Nourishing Your Body, Nourishing Your Baby
Thursday, June 27, 2013
Eating well when you are breastfeeding is good for you and good for your baby. Check out these tips on how to care for your body and your baby while breastfeeding.
What You Eat
Your body uses more calories and needs more vitamins and minerals to support breastfeeding. You can create your own daily food plan to know how much and what types of foods to eat. As a general rule, listen to your body, and eat when you are hungry. Stock up on the good stuff like fruit, veggies, and whole grains.
What about broccoli? Or onions? Or spicy food? Often breastfeeding moms are given advice that certain foods could make a difference in how breastmilk tastes or how their baby will react to it. If you were eating these foods during pregnancy, chances are your baby has already been exposed to the flavors. But, if you notice your baby is reacting negatively to a particular food or flavor in your diet, talk to your baby’s doctor. He or she might suggest reducing or eliminating some foods or flavors from your diet for a little while. It’s important to work with your doctor and your baby’s doctor to work around these glitches to maintain your own health and keep your baby breastfeeding.
What You Drink
Although drinking a lot of water (or milk, juice, or other beverages) won’t necessarily increase your milk supply, it is important to keep your body hydrated. Your need for fluids is higher while you are breastfeeding. You may also notice that you are thirstier than before. There are lots of different recommendations out there about exactly how much you should drink. How much you need to drink to stay hydrated will depend on a lot of things—the weather where you live, how physically active you are, and just your own personal needs. The color of your urine is often the best way to tell if you are getting enough water and other fluids—it should be pale yellow.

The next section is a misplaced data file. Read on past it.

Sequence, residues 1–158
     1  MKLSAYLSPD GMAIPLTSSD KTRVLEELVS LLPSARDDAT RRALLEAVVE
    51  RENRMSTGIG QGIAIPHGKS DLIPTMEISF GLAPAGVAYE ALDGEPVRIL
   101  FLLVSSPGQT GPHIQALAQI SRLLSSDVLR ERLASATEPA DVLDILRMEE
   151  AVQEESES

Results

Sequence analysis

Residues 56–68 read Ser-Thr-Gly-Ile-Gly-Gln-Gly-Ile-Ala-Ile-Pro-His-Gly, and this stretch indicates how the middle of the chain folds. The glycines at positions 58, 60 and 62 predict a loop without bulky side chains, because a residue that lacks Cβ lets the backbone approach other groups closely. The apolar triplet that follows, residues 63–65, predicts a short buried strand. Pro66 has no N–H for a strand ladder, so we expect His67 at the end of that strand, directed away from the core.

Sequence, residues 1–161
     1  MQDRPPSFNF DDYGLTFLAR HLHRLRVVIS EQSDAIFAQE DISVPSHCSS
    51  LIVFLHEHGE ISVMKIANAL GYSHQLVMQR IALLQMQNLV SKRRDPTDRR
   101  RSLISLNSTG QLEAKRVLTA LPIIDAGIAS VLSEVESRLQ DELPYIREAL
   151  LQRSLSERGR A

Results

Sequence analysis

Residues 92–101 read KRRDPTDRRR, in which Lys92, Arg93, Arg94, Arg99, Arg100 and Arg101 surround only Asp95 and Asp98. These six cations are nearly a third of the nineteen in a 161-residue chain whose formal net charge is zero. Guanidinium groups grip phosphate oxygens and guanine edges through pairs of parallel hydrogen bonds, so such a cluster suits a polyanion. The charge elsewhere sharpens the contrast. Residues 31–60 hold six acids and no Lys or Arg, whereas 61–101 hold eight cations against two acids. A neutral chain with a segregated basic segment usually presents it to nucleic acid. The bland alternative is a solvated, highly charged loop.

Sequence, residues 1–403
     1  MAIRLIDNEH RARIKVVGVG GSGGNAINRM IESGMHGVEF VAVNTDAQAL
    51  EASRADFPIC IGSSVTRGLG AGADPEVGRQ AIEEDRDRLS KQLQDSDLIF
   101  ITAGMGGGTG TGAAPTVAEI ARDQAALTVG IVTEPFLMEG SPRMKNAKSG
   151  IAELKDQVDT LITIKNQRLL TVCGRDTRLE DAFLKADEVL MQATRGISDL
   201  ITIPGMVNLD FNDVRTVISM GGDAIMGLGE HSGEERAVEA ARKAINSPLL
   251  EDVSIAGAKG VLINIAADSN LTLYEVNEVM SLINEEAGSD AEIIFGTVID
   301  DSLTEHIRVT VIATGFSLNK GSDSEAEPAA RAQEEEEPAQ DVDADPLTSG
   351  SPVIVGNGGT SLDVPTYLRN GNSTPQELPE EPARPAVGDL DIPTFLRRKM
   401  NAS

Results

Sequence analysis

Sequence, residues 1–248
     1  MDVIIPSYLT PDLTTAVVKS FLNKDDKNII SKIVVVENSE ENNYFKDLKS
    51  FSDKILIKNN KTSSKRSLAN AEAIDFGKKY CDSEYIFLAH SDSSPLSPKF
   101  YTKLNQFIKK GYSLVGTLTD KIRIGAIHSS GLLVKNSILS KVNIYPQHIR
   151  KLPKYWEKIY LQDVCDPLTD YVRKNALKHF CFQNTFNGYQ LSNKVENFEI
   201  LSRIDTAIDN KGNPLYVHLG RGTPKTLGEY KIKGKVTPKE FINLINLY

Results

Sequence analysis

Caffeine, Alcohol, and Smoking
Although both caffeine and alcohol can be consumed in small amounts while you are breastfeeding, keep in mind that they can pass from your bloodstream into your breast milk and to your baby. Drinking a moderate amount of coffee or other caffeinated beverages—2 to 3 cups (16 to 24 ounces) per day—is usually OK. However, if you find that your baby is particularly fussy after your morning cup of joe, then try making some adjustments like going to half-decaf/half regular coffee. Also remember that other beverages (such as sodas and teas) and foods (such as chocolate, coffee-flavored ice cream) may also contain caffeine.
You can continue to breastfeed and occasionally have an alcoholic beverage (1 drink = 4 oz glass of wine, 12 oz of beer, or 1 oz of hard liquor like vodka, tequila, bourbon, or gin). But moderate or heavy drinking while you are breastfeeding is not recommended. If you’d like to have an occasional drink, here are some guidelines:
Wait until your baby has a routine breastfeeding pattern, at least 3 months of age.
Wait at least four hours after having a single alcoholic drink before breastfeeding or pump before having a drink and use the milk you pumped before drinking to feed your baby.
Nicotine and other chemicals can also get into your milk supply—another good reason to stay Smokefree after pregnancy! Even if you’re not able to stay Smokefree the entire time you’re breastfeeding, it’s still good for your baby to continue breastfeeding.
Paying attention to what you eat and drink will help your body to stay strong and capable of making all of the breastmilk that your baby needs. Plus, you’ll be taking a huge step toward your own health as you support the health and well-being of your baby!